O'Devorynd History, Family Crest & Coats of Arms
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All Irish surnames have a long, ancient Gaelic history behind them. The original Gaelic form of the name O'Devorynd is O Dabhoireann, or also Dubhdabhoireann, derived from the words dubh, which means black, and an da Bhoireann, which means of the two Burrens.
Early Origins of the O'Devorynd family
The surname O'Devorynd was first found in County Clare (Irish: An Clár) located on the west coast of Ireland in the province of Munster, where they have been anciently seated as Chiefs of their territory at Cahirmacneaghty. They were anciently a Dalcassian sept of Brehons (Judges or Lawyers) and came down to Clare from the north probably sometime before the 10th century to settle in their north Clare barony at Noughaval, wherein this distinguished sept had their own mortuary chapel within the Church of Noughaval.
Important Dates for the O'Devorynd family
This web page shows only a small excerpt of our O'Devorynd research. Another 141 words (10 lines of text) covering the years 1317, 1364, 1634, 1634, 1741 and 1746 are included under the topic Early O'Devorynd History in all our PDF Extended History products and printed products wherever possible.
O'Devorynd Spelling Variations
Numerous spelling variations of the surname O'Devorynd exist. A partial explanation for these variants is that ancient scribes and church officials recorded names as they were pronounced, often resulting in a single person being recorded under several different spellings. Different spellings that were found include Davoren, O'Davoran, O'Davoren, Davoran, Devoren and many more.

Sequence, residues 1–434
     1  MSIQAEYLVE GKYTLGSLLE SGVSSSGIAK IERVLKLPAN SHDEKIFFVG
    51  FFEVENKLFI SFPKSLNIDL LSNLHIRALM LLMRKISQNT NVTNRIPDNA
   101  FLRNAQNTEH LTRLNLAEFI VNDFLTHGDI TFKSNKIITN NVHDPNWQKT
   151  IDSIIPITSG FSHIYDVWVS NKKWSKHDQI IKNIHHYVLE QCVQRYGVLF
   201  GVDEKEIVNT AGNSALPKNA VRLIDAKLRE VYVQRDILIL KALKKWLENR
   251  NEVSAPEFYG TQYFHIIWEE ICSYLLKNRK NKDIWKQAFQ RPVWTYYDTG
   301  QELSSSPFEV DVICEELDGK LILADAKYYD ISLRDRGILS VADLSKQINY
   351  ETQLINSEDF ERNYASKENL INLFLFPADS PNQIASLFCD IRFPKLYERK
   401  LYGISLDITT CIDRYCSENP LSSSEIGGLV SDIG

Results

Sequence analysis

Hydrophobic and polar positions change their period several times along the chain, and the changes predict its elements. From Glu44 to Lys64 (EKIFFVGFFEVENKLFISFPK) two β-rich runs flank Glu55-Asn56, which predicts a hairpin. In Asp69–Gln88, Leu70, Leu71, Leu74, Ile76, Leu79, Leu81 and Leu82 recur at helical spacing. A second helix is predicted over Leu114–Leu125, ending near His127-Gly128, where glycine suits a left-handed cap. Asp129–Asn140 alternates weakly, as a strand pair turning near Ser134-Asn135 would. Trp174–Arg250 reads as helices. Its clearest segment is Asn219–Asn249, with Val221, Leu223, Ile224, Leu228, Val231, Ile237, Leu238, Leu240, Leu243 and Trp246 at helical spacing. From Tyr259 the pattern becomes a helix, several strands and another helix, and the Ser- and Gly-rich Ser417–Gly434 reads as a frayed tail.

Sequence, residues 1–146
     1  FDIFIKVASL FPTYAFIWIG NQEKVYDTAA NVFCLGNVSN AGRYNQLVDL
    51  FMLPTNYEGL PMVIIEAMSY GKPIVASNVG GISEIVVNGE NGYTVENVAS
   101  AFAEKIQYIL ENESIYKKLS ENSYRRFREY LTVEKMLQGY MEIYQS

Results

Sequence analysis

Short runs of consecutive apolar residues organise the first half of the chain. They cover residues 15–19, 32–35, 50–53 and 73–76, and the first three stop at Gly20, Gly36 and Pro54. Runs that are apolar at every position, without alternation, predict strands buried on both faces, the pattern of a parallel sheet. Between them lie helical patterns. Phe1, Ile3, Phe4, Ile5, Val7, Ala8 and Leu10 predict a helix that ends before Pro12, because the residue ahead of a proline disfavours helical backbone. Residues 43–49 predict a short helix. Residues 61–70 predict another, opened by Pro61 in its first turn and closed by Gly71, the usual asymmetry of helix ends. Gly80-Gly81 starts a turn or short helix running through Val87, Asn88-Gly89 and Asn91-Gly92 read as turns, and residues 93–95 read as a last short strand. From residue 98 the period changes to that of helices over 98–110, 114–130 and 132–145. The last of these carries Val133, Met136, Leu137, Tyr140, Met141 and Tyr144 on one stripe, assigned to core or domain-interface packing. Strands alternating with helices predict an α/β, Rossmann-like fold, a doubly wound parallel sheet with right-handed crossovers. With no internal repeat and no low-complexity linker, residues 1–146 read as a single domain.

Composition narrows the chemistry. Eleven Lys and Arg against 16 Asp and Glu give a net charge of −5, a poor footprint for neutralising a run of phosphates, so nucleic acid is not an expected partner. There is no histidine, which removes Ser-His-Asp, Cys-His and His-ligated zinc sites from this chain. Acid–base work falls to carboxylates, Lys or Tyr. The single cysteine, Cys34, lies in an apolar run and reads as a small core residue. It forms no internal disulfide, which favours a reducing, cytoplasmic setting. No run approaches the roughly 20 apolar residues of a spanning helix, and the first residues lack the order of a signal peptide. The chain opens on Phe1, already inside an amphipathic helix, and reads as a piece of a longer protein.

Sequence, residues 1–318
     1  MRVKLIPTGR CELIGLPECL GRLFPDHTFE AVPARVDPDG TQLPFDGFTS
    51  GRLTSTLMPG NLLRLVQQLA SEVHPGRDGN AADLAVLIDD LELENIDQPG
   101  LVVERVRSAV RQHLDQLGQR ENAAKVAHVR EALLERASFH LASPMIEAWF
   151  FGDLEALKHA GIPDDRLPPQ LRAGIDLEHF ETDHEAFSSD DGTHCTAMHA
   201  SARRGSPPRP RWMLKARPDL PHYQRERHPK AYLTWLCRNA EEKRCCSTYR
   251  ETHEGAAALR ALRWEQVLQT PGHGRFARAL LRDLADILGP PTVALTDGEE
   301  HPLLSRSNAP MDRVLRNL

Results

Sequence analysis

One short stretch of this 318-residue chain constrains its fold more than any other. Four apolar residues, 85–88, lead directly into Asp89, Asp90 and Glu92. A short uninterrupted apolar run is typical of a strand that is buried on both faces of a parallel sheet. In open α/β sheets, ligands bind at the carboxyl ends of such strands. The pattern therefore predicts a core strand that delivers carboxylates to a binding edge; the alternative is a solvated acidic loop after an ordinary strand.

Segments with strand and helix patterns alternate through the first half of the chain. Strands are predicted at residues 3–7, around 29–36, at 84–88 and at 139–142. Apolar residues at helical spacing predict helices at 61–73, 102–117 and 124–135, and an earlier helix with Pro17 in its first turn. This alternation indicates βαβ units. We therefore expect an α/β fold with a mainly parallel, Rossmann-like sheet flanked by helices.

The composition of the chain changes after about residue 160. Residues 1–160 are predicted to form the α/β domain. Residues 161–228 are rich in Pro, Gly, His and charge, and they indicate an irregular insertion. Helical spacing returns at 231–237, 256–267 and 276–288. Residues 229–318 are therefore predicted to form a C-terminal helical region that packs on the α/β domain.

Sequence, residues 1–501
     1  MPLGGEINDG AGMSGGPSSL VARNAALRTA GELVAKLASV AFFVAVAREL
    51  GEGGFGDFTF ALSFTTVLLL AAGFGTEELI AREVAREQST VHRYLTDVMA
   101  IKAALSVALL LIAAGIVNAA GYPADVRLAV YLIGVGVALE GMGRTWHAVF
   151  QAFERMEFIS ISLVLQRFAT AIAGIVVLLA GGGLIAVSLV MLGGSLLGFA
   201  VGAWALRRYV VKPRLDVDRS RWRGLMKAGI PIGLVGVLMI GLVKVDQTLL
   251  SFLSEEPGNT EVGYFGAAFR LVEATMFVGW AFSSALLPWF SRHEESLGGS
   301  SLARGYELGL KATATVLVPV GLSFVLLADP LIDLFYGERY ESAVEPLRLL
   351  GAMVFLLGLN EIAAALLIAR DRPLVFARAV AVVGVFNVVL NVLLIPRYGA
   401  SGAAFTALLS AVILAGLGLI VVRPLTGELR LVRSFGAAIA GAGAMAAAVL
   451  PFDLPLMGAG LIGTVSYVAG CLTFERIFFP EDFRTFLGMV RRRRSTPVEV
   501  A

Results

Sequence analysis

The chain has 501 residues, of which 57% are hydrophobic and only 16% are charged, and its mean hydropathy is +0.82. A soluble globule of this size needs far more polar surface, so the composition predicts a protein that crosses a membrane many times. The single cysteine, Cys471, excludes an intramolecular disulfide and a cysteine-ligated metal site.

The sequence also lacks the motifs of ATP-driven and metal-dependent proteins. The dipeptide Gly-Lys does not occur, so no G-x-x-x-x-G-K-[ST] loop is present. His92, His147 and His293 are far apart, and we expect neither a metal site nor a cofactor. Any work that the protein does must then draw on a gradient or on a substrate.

Early Notables of the O'Devorynd family (pre 1700)
Prominent amongst the family at this time was Gillananaev O'Davoren, the Chief Judge; and Domnal O'Davoren, who collected materials about early Irish law in the 16th century. In fact, the O'Davorens were well known as the scholarly...
Another 36 words (3 lines of text) are included under the topic Early O'Devorynd Notables in all our PDF Extended History products and printed products wherever possible.
Migration of the O'Devorynd family
Irish families began to immigrate to British North America and the United States in the 18th century, but the greatest influx of Irish immigrants came during the Great Potato Famine of the late 1840s. The earlier settlers came to North America after a great deal of consideration and by paying relatively high fees for their passage. These settlers were primarily drawn by the promise of land. Those later settlers that came during the 1840's were trying to escape the conditions of poverty, starvation, disease, and death that had stricken Ireland. Due to the enormity of their numbers and the late date of their arrival, these immigrants primarily became hired laborers instead of homesteading settlers like their predecessors. An exhaustive search of immigration and passenger lists has revealed many Irish immigrants North America bearing the name O'Devorynd: Michael O'Deveren arrived in Pennsylvania in 1854.